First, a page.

The Labour Party has had many months to develop a considered response to the inevitable sale of the Crafar farms to a Chinese billionaire, but when the deal finally got ministerial approval last week, where was Labour? Trying to drive up the dead-end cul de sac marked xenophobia already occupied by New Zealand First's Winston Peters.
Mr Peters called it "economic treason," which, in the hysteria stakes, just trumps Labour's primary industry spokesman Damien O'Connor, who went for "gutless, unpatriotic and unproductive". Labour's economic development spokesman David Cunliffe warned New Zealanders "are set to become tenants in their own land under the Government's policies," while finance spokesman David Parker declared "Labour is opposed to rural land sales to overseas buyers".
New leader David Shearer's line was that "keeping New Zealand assets like the Crafar farms in New Zealand hands is a principle worth fighting for," adding hastily that it was a battle "totally detached from racism and xenophobia".
Unfortunately for Labour, in suddenly wrapping themselves in the New Zealand flag and shouting "New Zealand assets/land for New Zealanders" in response to the purchase of 7800ha of dairy land by a Chinese buyer, it's hard for them to avoid the taint. And the suspicion they're exploiting public sentiment running 85 per cent against the sale. Why now all the complaining?
Overseas Investment Office data shows more than 170,000ha of farm land was sold to overseas interests in the six years from July 2005 to May 2011. Most of that was of sheep and beef properties. In the five years to mid-2010, the top three purchasing nationalities were the United Kingdom, Italy and the United States, each with between 34,000ha-40,000ha.
The New Zealand Farmers Weekly reported last July that in the previous six years, only six per cent (5760ha) of foreign sales had been of dairy properties, of which German interests had purchased more than half. It noted that before the Crafar purchase, Chinese and Hong Kong buyers remain a minute portion of total foreign sales, with only 533ha of land in total sold to these investors over the past six years.
In July last year when Prime Minister John Key tried to have a bet each way over the Crafar farms debate, muttering he didn't want New Zealanders to become tenant farmers in their own land, Lincoln University farm management professor Keith Woodford called for an informed debate "as to whether this is the way we want to go".
He pointed to the wine industry which "on a volume basis [is] about 70 per cent foreign-owned".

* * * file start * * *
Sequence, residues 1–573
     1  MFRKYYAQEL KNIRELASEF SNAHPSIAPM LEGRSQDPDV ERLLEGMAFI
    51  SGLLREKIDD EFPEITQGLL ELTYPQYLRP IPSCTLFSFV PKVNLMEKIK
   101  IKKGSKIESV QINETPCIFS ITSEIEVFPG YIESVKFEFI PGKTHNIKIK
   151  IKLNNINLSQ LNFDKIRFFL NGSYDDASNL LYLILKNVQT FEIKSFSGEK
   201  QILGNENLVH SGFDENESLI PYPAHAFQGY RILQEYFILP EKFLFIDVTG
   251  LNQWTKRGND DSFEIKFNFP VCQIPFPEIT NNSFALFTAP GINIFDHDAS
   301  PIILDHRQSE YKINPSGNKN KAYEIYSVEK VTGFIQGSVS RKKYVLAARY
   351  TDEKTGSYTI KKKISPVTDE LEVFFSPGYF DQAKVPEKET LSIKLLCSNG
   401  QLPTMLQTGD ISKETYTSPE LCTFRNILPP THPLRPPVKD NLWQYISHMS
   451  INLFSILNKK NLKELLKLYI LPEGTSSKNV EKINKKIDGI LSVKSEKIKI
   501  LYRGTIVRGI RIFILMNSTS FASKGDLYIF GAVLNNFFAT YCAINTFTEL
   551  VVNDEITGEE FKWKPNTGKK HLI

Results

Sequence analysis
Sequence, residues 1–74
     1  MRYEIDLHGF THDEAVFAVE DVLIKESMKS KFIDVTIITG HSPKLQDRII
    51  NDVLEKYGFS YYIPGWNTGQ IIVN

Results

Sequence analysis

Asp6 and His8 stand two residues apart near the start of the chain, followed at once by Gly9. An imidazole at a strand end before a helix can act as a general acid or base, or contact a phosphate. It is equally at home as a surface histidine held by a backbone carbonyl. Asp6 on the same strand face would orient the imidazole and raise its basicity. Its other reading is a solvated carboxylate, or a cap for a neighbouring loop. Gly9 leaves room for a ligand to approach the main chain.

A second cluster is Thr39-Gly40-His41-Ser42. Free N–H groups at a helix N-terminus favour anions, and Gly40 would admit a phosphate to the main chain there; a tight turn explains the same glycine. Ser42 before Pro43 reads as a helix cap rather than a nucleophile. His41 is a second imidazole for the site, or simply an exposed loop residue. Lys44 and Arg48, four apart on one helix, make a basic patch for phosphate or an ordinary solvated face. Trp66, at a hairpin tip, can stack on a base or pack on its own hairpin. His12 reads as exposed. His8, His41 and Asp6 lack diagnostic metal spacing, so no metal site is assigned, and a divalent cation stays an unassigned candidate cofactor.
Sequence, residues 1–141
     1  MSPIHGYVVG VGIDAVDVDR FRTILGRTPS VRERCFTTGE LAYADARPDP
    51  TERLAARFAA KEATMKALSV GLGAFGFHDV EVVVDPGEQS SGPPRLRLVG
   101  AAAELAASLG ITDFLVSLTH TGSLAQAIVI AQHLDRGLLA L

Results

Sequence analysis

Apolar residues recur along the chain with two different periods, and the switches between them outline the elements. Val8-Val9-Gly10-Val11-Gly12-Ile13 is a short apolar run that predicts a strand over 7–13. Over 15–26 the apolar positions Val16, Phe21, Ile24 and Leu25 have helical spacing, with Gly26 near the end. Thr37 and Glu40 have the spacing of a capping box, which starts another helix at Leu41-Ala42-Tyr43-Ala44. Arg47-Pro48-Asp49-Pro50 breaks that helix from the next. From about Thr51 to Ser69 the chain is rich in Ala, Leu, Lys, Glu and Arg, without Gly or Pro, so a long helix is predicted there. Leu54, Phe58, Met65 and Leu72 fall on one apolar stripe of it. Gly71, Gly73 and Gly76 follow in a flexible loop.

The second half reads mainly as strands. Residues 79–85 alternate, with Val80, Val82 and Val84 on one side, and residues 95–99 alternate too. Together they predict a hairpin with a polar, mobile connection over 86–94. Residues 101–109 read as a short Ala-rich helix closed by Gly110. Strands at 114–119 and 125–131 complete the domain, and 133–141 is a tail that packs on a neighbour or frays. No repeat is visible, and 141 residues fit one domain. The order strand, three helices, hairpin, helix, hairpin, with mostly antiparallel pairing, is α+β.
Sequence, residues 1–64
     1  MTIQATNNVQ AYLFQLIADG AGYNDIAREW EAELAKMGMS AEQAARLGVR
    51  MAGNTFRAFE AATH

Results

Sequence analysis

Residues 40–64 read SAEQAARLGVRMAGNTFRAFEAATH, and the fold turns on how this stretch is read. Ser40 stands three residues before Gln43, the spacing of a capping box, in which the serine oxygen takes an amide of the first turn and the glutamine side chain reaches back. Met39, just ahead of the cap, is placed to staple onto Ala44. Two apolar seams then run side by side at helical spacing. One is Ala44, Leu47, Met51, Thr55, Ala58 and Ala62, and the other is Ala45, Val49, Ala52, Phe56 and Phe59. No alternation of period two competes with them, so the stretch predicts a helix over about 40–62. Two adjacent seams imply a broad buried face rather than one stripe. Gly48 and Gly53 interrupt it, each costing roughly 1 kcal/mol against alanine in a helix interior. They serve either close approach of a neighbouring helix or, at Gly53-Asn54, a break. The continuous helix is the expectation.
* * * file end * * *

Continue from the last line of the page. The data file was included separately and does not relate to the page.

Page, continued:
Our forest plantations were even more alienated, he said, calculating that as of 1999, 72 per cent of pine forests were foreign-owned, 35 per cent by United States companies, 12 per cent by Asian interests.
Mr Shearer is now saying "keeping New Zealand assets like the Crafar farms in New Zealand hands is a principle worth fighting for". With our banks and insurance companies and much else long sold off - $45 billion worth in the hands of Australians the last time I checked - it seems a little late in the day for Labour to espouse this particular principle.
With all the patriotic blood rushing to the heads of opposition politicians, it's a surprise the plight of alleged internet pirate Kim Dotcom has left them seemingly unmoved.
As far as issues of sovereignty are concerned, the ownership of a handful of remote dairy farms is of much less concern to me than the thought of the world's only super-power, dialling up the local Auckland police and deputising a mini-Swat team of 70 to swoop down in helicopters in a dawn raid on a Coatesville mansion to arrest the leaders of an international internet file-sharing site that's been getting up the noses of Hollywood film moguls.
Coming fast on the heels of extradition proceedings launched in Britain by the United States against a 23-year old student Richard O'Dwyer for similar alleged offences, it's a flexing of the imperial eagle's talons that should be worrying patriots everywhere. Mr O'Dwyer's website allegedly enabled visitors to download pirated films and television. If extradited he faces up to 10 years in prison even though there are doubts it's an offence under British law.
There has long been debate about who should police the internet. The United States government, under pressure from the international movie and recording giants, has decided to clean up the wild west of cyberspace on its own. With a little help from extradition treaties it has with some countries - New Zealand and Britain for two - but not, it seems, Mr Dotcom's homeland, Germany.
As far as international justice goes, I'm not so sure we should be giving the United States a free rein. When it comes to international crusades, the US is not averse to ignoring, or rewriting the rules of law. Osama bin Laden and Pakistan found out about that. So do the prisoners in the extraterritorial no-man's land of Guantanamo Bay. The word "rendition" gained a new meaning under the American justice system, describing the process of spiriting a suspect wrong-doer by plane to Afghanistan or some other lawless base, where water-boarding and other tortures can take place outside the bounds of the victim's US constitutional rights.
New Zealand's 1970 extradition treaty with the US has been going through a "modernisation" process since 2006. For politicians fearful of threats to our sovereignty, this is a more immediate worry than the ownership of a few remote dairy farms.